Finally, the kitchen table (Figure 2) is a tangible layout choice that brings multiple benefits. It reduces staff walking distances, reducing labor cost, and also creates a unique customer dining experience of directly watching a two star operations. Supported by the unconventional color and interior design choices, it also creates a more casual, unconventional and faster-paced environment. This reduces customer cycle times, allowing Joël to sell a chair more than once a night, and also attracts (typcially more price insensitive) business customers that are looking for a Michelin star experience, but only have limited time available.

Figure 2 Kitchen Table at L’Atelier de Joël Robuchon Etoile Paris

Unfortunately, there are no sales or profitability figures available, but my personal observations, supported by the continued growth and global expansion make me believe that the Joël’s unique operating model choice allowed him to become one of the most profitable starred chefs in the world. Oh, and the food was delicious!

1 http://www.joel-robuchon.com
2 http://hbswk.hbs.edu/item/do-making-a-michelin-starred-restaurant-affordable
3 http://fortune.com/2014/12/11/michelin-star-restaurants-down-side/
4 Wikipedia
5 ViaMichelin


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Student comments on L’Atelier de Joël Robuchon Etoile: Michelin stars made effective

  1. Hey Silvan, thank you for writing this insightful post. Reading about how Chef Robuchon redesigned the Michelin star experience by creating the meal in-front of customers was interesting. Storing pre-cut food ensure that the meal is standardized and take minimal preparation time once guests are seated. However, unlike what we learnt in the IDEO case, all innovation has been centralized by Chef Robuchon. Without taking divergent views from his cooks and junior chefs, it seems Robuchon is creating most of the new dishes by himself. Do you think by hosting cook-offs and competitions he would be able to add newer dishes?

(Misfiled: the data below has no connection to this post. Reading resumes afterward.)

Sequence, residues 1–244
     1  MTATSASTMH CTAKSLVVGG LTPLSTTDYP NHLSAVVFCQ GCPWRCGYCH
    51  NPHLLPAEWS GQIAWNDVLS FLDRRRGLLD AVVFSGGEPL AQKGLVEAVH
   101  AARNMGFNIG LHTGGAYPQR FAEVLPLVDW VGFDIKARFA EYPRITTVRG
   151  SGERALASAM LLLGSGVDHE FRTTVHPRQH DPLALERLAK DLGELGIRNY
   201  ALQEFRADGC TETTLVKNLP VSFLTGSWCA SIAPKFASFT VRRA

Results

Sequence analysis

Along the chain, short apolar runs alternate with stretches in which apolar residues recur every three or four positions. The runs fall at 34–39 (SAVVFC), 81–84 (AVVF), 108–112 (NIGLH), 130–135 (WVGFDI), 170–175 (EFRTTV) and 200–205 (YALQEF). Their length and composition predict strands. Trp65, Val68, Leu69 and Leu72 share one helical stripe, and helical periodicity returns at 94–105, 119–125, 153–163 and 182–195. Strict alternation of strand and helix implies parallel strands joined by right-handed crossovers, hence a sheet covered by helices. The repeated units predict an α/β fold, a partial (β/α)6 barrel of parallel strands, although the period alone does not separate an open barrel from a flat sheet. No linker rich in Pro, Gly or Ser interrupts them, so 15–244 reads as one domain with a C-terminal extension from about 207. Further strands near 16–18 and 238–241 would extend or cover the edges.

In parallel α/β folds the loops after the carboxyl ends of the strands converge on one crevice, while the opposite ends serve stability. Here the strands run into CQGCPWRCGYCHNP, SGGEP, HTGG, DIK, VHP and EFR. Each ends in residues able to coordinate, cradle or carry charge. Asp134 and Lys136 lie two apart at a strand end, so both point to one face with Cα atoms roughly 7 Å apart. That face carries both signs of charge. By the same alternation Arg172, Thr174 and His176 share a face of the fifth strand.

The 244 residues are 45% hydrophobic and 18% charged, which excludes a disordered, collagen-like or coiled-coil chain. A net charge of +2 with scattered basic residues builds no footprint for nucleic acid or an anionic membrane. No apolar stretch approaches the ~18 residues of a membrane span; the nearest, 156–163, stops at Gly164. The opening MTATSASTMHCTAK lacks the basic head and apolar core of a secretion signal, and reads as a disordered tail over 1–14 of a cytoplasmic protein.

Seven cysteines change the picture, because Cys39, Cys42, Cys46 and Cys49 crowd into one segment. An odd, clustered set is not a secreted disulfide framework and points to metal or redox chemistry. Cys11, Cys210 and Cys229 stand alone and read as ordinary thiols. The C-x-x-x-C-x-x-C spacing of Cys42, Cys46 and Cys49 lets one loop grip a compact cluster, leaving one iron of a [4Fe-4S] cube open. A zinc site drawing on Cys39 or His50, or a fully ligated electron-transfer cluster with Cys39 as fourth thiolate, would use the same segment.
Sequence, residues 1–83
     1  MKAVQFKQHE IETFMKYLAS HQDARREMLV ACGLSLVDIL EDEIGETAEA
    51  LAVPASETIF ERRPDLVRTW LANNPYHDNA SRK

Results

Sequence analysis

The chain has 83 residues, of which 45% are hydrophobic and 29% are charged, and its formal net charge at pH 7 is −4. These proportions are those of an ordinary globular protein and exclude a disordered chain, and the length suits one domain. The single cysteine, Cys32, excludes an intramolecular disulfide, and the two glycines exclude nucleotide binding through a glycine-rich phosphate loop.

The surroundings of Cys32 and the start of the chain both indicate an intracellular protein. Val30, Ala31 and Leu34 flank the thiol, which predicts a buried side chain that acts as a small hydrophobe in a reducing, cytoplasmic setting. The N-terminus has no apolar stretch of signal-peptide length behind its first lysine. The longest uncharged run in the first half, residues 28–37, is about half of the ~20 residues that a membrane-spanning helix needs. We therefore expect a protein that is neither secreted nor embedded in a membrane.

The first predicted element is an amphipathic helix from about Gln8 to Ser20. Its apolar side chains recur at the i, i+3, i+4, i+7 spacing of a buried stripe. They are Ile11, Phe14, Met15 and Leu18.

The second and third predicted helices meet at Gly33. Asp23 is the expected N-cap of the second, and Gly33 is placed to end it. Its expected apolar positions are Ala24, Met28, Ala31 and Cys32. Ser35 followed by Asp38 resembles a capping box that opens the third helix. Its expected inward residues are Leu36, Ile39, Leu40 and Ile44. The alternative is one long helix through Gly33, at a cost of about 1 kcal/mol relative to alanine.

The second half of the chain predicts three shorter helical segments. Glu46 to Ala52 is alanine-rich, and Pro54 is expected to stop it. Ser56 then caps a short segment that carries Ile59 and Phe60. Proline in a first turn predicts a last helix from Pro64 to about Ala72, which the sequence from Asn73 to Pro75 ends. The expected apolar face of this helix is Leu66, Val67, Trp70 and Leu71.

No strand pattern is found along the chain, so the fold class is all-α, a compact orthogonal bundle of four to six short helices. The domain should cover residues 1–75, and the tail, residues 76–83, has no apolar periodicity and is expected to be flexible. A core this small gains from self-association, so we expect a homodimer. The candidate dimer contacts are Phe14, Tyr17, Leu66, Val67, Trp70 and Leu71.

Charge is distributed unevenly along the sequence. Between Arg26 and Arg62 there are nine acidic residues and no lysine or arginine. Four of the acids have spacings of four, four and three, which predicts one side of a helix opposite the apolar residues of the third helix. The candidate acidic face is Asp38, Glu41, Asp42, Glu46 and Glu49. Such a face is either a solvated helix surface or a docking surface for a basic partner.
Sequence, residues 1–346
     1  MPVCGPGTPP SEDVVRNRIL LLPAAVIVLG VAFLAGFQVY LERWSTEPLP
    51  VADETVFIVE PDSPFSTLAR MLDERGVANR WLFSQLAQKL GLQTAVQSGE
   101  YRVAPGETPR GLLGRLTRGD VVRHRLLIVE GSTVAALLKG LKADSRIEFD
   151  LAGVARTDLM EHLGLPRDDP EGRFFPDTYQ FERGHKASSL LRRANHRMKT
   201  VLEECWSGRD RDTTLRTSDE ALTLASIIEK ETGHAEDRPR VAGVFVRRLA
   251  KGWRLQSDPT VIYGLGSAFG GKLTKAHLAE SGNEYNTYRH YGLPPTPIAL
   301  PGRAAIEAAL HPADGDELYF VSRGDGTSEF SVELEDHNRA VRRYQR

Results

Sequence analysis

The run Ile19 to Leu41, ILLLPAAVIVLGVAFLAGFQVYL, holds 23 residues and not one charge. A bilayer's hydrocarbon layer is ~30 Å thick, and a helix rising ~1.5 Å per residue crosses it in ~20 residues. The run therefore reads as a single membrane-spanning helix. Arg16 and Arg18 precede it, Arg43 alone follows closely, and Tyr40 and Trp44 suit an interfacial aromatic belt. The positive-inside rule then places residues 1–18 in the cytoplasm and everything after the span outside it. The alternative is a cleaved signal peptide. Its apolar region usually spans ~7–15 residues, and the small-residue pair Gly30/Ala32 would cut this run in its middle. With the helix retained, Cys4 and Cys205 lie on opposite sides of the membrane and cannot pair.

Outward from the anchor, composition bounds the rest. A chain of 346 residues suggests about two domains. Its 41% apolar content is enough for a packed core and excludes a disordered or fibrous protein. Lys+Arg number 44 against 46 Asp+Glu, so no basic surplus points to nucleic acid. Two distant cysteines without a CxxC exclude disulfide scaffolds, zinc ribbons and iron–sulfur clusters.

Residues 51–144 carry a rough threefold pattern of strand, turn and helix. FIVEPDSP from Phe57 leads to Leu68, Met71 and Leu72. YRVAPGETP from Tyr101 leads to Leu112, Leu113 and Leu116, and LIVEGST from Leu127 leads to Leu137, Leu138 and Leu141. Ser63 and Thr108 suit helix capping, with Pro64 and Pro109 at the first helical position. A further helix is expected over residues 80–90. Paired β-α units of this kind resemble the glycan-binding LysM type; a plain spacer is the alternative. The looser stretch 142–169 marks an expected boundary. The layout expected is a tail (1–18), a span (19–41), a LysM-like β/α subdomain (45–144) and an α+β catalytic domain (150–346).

2. Great post, Silvan! I’m impressed that Robuchon is able to maintain this level of service, quality and reputation throughout his many locations. However, I wonder how this business model may directly compete with the Michelin-star experience some diners might expect. I can imagine that a “fast” meal with some dishes even being pre-prepared might dissuade some fine diners from coming here. For someone paying top dollar for a fancy meal, they might prefer the slower, made-to-order service. You make a good point, however, that business travelers tend to be the main audience. That insight reminded me of Benihana — although this restaurant chain was far from Michelln-starred, it did also serve the high-end business traveler. Aggressive growth took a toll on Benihana’s quality image. I hope Robuchon doesn’t face the same fate!

  3. Silvan, thanks for this window into a unique and interesting restaurant!

    I tend to agree with Nkem with regard to worrying about the experience of a Michelin starred restaurant being so streamlined. That said, I would assume they usually are, just not “in your face”. It is true that Michelin starred restaurants put top quality on the business cards, but they still are very well oiled machines, optimized, and professional. I would assume the pre-cut Carpaccio would be made so just shortly before service starts, as they must work on a tight schedule, with no room for mistakes, even more so when the kitchen is open to dining public.

    It’s a shame that the behind the scenes of these restaurants remains that way, I would have loved to take a peak into the preparation model and how they think of their constraints.

    Thanks again!